Rosé Sangria for Spring or Summer


This is a beautiful pink sangria, perfect for Spring and Summer. If you prefer sweeter sangrias, select a sweeter rosé. If you prefer drier sangrias, select a drier rosé. For this recipe, I used Domaine de Paris Cotes de Provence, a lovely, dry, pale pink wine that blends perfectly with the fruit flavors in this sangria. Enjoy for any day entertaining or for celebrations!

Rosé Sangria

1 bottle rosé wine

1/2 c. orange liqueur

1 c. cranberry raspberry juice

1 c. white cranberry peach juice

1 pint fresh raspberries, washed

1/2 of an orange, washed then cut into slices

1 fresh peach, washed then sliced (or about 8 slices frozen peaches)

orange slices for garnish

edible flowers for garnish

Combine ingredients, except for garnishes, and refrigerate for several hours before serving. Taste. Adjust flavors if needed (i.e. add more juice, liqueur or wine.) Fill serving glasses about half way with ice. Scoop some of the fruit from the sangria over the ice. Pour sangria, garnish, and serve. Have a great time with your company!

Cupid’s Arrow (A Valentine’s Martini)

Originally posted on A Taste of Morning:


For the February issue of The Morning Star’s newsletter, I wanted to create a Valentine’s recipe that would be both easy and fun. With the recent popularity of Chocolate Martini’s, I decide to create my own version of this dessert cocktail – an enjoyable little project if I do say so! This is what I came up with …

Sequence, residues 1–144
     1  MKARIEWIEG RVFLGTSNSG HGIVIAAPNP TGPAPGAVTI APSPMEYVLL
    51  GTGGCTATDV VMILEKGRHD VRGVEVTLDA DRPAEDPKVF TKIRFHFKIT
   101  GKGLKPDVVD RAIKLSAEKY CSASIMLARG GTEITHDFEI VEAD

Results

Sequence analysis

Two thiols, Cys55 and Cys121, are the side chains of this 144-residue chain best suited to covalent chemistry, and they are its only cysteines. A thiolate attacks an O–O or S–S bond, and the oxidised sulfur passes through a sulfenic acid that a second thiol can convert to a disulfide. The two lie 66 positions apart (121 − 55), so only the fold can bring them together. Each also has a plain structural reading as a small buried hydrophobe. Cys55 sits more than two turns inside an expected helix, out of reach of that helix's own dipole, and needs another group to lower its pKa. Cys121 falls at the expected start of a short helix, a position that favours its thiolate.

Cupid’s Arrow

– makes 2 strong cocktails –

3 oz.  Chocolate Vodka (I use Cupcake Devil’s Food Vodka)

2 oz. Raspberry Liqueur (I use Pallini Raspicello)

2 oz. Chocolate Liqueur (I use Meletti Cioccolato)


Dark chocolate

Fresh raspberries

Fill a cocktail shaker with ice. Add vodka and liqueurs. Shake well. Strain into two chilled martini glasses. Drizzle a little half-and-half over the top of each. (It will sink to the bottom then raise to the top, creating a marbleized effect.) Shave a little chocolate over the top of each…

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Photography Challenge: Shadowed (Quicksand Roses)

Shadows are a fun tool to use in photographing roses. They help add depth to the layers of petals and mood to the photos themselves.

These are Quicksand roses. When the buds are closed, they appear beige with a light greenish tint on the tips of the outer petals. When the buds open, the roses are shaded from almost-white at the outer edges to a beigish-mauve in the center. They are large, many-petalled roses – and unlike many florists roses, are fragrant when they open. So they are really a pleasure.




For more on the Shadowed Photography Challenge:

Have a great day and … don’t forget to stop and smell the roses!

A Warm Winter Wedding

Congratulations to Alex & Emmalie! Thank you for letting us be a special part of your wedding day!


The sunny bouquet …


The rich chocolate cake …


Pretty details …



The fireplace, decorated for the wedding … the Christmas Tree in the background.


Wishing, Alex and Emmalie tremendous happiness … and wishing everyone a joyous holiday season!